At the height of the recession back in 2009, I wrote an article on how to stay up in downtime. I wrote it from the perspective of business, but I think the principles apply at this unusual and challenging time. Before going any further, let me just say that this is not just about having a positive mental attitude; although I think that’s always better than having a negative mental attitude.
Positive thinking in negative circumstances
One of the key points in my article back then was to consider that, however bad things seem to be, there are always some folks who seem to flourish in the face of extremely adverse circumstances.
Behavioural Patterns of Positive Thinkers
So, why is this? Well, one of the reasons might be a positive attitude. I have done some research on this and it seems that these people share certain positive thinking and behavioural patterns.
- Firstly, they learn from previous experiences of downtimes
- They recognise that fear itself is a big element here. They recognise that fear is internally generated and acting on it can paralyse you and/or result in you making poor decisions, which in turn creates more problems. The financial crisis of 1929 was, in many ways, based on False Evidence Appearing Real; the acronym for fear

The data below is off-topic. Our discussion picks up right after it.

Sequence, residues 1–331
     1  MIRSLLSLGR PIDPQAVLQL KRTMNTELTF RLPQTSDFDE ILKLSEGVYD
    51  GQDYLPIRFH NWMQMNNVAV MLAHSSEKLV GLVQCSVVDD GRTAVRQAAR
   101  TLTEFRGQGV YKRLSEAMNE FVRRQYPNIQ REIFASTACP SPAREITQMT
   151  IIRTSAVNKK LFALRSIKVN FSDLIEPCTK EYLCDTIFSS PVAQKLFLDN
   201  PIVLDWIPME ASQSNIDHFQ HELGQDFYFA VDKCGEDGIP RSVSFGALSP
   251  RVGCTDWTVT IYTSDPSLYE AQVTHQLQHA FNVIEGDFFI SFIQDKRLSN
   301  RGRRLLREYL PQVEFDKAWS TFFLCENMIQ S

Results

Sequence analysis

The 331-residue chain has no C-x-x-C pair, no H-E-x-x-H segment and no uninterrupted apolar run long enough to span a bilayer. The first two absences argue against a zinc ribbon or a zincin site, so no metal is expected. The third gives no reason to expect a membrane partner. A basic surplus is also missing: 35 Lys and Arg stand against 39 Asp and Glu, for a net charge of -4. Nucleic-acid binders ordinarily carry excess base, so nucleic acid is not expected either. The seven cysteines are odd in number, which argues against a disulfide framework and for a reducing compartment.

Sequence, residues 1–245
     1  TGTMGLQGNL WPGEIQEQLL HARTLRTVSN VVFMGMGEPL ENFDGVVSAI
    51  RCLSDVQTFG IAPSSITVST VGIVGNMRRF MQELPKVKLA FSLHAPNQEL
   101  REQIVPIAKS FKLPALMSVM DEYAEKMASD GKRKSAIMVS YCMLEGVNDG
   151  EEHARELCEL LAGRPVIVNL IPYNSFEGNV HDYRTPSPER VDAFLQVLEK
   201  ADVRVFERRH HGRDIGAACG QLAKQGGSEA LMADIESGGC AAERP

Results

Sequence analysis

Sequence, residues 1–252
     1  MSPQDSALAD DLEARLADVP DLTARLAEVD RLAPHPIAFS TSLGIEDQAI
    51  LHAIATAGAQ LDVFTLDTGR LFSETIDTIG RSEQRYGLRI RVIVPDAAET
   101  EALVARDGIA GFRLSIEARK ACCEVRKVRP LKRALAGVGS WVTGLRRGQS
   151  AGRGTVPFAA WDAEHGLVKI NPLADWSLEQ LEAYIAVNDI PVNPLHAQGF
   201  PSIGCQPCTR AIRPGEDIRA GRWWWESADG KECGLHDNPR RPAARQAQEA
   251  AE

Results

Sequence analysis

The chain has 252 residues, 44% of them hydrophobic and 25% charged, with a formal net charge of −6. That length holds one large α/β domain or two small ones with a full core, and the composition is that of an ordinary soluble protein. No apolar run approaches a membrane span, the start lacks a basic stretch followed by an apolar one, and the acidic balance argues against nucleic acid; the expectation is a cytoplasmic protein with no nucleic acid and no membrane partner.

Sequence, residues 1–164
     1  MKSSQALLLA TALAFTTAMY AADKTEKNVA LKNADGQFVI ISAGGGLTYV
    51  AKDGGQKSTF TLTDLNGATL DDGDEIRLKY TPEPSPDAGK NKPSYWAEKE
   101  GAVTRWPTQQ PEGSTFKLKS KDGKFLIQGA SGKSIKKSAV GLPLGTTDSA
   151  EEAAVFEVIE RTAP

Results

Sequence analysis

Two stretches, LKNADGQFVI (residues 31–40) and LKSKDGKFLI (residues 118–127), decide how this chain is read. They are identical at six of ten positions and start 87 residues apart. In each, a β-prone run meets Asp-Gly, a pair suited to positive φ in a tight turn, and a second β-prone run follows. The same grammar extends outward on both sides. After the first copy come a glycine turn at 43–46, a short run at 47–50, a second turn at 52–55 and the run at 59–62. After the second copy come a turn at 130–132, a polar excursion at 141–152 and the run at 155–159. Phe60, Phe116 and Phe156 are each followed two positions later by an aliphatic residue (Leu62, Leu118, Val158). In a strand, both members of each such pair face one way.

- They are ‘positive’ thinkers. Not in the Pollyanna, happy happy, clappy clappy way. No, they accept that things are bad but they just choose not to dwell on them
- They refuse to become a victim of circumstances, focusing instead on what they can actually do. It is said that when a person expects the worst, there is no philosophy that will help them and they get what they focus on saying, “What I feared has come upon me”
- Lastly, and more esoterically, they have faith (whatever you think that to be) that they are going to make it through this time
Again, let me re-emphasise I am not a big fan of PMA (Positive Mental Attitude) as expressed in the mantra that you just have to think positively and great things will happen. My mentor, the late great Jim Rohn, said that “Affirmation without discipline is the beginning of delusion”. I advocate critical thinking. Looking at a situation for what it is.
Achievements and limiting expectations
With your permission, I’d like to just change tack for a minute here. If you’ve ever seen the film Good Will Hunting, you’re probably familiar with the story of Matt Damon’s character, Will Hunting, as he works as a janitor at MIT. A learned professor sets up a challenging math problem for his class on the blackboard outside his office.